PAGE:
This is my entry in the Diamonds and Gold Blogathon hosted by Caftan Woman and Wide Screen World. Click on their links for more about frisky cinema seniors.
A ruin at sunset

I love this film. I love Peter O'Toole and I love him in this film. I have had a mad crush on this man from the day he sat atop a camel. He can do no wrong in my book and here, playing and actor who is a ruin of his former beautiful self, he throws the autumn roses of his brilliance to all of us who have adored him for so long.

As Maurice, a washed up and burned out actor, O'Toole gives his last Oscar nominated performance (don't get me started on that particular snub). His career is a thing of the past, he is suffering from prostate cancer, his family are strangers and his days are filled with hours passed just being old. But, for Maurice, there is one last chance to grasp life with both hands, as into his life comes a girl. The grand-niece of his friend, Jessie (played by Jodie Whittaker) is young, lovely, frightfully modern and a hell raiser. One imagines that Maurice was quite a hell raiser in his day (as we know O'Toole surely was). She is no match intellectually or emotionally for Maurice, but, reluctantly, needs him. For one last time, he can play the gallant knight. Taking her under his wing, Maurice takes her to the National Gallery to view his favorite painting, Velazquez's Rokeby Venus. In his eyes, she is as lovely as the woman in the painting and he begins calling Jessie Venus.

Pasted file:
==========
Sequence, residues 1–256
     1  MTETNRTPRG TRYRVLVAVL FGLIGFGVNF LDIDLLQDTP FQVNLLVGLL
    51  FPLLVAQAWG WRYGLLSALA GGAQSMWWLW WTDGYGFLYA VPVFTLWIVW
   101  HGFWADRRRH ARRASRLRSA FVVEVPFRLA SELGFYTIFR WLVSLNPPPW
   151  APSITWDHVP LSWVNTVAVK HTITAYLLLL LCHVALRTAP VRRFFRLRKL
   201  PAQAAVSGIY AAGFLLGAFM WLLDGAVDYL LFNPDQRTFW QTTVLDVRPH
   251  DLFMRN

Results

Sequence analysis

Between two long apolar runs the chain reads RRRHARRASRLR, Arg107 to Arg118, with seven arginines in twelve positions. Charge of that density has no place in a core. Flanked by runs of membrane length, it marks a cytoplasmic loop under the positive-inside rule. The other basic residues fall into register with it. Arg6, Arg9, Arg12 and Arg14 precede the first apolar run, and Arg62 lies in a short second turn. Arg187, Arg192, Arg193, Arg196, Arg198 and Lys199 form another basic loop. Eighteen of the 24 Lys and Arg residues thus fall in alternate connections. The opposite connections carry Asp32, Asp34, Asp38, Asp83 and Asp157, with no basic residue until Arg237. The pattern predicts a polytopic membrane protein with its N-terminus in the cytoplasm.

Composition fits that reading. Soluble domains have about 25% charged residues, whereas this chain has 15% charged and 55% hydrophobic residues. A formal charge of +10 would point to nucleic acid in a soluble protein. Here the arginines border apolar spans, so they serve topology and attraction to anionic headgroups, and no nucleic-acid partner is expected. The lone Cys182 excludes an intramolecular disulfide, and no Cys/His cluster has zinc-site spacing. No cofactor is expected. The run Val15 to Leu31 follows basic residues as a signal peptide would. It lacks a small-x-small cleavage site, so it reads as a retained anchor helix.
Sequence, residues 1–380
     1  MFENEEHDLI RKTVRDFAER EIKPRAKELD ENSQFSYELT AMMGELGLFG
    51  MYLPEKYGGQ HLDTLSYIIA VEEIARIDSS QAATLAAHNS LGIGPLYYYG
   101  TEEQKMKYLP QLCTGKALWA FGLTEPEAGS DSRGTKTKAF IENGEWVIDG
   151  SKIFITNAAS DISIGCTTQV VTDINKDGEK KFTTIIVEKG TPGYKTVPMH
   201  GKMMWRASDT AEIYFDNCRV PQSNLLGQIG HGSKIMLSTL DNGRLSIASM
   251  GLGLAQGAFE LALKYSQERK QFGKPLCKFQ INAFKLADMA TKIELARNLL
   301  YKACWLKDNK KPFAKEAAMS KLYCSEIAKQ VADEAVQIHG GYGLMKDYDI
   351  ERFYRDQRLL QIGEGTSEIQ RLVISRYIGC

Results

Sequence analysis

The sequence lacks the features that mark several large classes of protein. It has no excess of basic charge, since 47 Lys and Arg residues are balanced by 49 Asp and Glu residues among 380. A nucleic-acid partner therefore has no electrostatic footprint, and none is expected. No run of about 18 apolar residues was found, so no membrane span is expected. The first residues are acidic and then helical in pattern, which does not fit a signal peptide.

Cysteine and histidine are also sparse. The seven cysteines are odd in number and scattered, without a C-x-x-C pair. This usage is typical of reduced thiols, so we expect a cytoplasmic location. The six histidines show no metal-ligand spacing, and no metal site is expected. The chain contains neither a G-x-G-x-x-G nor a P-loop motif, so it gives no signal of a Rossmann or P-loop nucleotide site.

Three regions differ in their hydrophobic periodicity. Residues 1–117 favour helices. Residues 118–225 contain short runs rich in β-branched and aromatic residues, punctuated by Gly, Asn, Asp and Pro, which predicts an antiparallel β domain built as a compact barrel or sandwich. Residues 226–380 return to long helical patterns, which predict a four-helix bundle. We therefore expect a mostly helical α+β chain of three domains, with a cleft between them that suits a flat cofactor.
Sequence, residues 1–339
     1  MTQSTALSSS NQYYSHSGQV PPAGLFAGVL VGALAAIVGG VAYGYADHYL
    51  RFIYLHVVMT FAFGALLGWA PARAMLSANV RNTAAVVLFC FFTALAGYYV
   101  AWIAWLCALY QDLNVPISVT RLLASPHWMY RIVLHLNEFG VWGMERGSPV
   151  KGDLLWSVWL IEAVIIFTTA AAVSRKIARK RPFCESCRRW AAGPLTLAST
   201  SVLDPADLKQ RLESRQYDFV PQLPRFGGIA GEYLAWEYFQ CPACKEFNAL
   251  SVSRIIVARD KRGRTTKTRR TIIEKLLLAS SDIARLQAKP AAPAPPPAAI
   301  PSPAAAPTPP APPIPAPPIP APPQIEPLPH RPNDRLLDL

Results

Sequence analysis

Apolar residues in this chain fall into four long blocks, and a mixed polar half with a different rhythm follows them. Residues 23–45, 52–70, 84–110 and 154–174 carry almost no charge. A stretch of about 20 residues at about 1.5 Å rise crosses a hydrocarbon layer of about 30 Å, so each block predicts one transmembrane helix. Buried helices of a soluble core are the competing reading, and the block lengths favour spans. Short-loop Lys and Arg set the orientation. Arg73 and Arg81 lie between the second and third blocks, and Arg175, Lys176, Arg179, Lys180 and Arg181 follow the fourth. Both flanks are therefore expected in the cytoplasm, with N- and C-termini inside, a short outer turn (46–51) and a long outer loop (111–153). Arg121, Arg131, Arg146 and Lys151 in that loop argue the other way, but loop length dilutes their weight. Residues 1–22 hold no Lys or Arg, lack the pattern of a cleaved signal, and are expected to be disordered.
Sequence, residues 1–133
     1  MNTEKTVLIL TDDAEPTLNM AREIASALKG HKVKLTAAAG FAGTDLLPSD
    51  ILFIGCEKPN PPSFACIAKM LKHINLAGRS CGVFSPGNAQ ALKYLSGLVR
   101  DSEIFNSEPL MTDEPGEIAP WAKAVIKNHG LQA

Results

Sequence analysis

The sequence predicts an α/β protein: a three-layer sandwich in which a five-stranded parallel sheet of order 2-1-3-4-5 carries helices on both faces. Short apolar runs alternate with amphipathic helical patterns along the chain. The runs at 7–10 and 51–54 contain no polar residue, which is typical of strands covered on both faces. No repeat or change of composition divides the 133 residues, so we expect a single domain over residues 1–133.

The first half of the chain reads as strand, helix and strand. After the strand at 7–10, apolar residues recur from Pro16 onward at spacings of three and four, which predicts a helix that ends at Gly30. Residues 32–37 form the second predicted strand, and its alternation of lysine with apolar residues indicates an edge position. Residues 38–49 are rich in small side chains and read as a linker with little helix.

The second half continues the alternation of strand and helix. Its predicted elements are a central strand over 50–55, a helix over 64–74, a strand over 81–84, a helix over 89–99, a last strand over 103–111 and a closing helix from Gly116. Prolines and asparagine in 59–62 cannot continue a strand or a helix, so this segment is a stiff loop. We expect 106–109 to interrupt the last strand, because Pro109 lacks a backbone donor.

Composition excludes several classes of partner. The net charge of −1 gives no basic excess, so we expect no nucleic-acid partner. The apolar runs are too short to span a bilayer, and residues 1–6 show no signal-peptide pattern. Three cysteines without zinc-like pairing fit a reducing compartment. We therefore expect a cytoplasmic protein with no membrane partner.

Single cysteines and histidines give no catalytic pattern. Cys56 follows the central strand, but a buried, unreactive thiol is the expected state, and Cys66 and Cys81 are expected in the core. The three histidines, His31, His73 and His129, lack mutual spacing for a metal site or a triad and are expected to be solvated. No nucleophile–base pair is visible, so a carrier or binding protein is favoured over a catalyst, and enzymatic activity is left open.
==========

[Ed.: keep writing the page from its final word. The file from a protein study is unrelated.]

Sharing his love of beauty